President Barack Obama honored the acts of valor by two Vietnam War soldiers who risked their lives to protect fellow troops, bestowing the Medal of Honor on them in a White House ceremony today. Army Command Sgt. Maj. Bennie G. Adkins, who attended the ceremony, and Army Spc. Donald P. Sloat, who died in action and received the nation's highest military honor posthumously, were granted the medals nearly half a century after they fought in Vietnam. Congress granted an exemption to allow the soldiers to receive the medal so many years later, with the president noting that "even the most extraordinary acts on the battlefield can get lost in the fog of war or the passage of time."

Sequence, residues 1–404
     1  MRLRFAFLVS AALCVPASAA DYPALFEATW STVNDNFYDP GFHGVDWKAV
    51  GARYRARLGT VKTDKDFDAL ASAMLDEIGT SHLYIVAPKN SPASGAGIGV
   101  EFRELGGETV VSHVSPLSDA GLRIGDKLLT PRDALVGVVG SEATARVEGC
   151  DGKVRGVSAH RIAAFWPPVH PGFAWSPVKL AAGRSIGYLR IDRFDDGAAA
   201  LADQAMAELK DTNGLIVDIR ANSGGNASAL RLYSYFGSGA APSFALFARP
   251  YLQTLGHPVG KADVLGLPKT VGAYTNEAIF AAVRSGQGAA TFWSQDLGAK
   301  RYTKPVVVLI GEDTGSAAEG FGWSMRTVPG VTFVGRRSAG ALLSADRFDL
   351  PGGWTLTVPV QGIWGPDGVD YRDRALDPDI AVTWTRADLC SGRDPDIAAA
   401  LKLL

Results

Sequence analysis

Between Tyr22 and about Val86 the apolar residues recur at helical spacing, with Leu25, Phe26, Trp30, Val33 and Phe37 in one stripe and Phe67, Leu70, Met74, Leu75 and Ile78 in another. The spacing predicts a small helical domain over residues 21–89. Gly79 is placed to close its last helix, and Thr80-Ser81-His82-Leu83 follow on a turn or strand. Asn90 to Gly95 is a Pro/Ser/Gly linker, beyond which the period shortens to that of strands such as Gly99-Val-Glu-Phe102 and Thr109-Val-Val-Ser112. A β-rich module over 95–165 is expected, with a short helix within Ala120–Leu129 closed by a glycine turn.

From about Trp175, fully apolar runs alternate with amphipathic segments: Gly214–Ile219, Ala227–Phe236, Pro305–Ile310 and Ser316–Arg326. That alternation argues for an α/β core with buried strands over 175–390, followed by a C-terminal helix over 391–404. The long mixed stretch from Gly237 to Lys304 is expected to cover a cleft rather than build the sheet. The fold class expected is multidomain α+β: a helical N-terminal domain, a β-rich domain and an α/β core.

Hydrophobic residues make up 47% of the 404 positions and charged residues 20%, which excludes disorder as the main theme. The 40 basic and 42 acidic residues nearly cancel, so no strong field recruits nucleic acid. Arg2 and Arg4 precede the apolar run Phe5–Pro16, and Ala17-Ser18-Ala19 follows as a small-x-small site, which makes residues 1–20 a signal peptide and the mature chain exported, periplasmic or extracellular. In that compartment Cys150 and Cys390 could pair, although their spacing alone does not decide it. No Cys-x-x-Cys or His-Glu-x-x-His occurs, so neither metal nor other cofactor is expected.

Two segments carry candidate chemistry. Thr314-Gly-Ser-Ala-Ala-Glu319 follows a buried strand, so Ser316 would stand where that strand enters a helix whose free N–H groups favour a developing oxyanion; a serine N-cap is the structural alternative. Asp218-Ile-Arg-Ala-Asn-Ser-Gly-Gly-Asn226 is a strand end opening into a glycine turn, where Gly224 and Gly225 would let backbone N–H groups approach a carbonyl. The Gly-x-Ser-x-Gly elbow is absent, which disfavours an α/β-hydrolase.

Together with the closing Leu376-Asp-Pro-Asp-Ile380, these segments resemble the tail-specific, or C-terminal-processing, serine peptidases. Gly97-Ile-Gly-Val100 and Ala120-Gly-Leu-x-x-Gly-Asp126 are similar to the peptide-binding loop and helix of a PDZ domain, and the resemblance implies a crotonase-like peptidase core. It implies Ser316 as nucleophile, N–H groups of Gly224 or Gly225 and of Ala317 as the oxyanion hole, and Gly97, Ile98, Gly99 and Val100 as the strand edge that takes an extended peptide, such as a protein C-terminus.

Adkins ran through enemy fire while rescuing injured comrades. He was injured but survived. Sloat did not—he pulled an enemy grenade close to his body to protect fellow troops from the blast; his brother, William, accepted the medal on his behalf from the president. "You served with valor, you made us proud, and your service is with us for eternity," Obama told today's audience, which included Defense Secretary Chuck Hagel—himself a Vietnam veteran—and others who received the Medal of Honor after coming home from Vietnam. "This Medal of Honor belongs to the other 16 Special Forces soldiers with me," Adkins said after the ceremony. (Read more Medal of Honor stories.)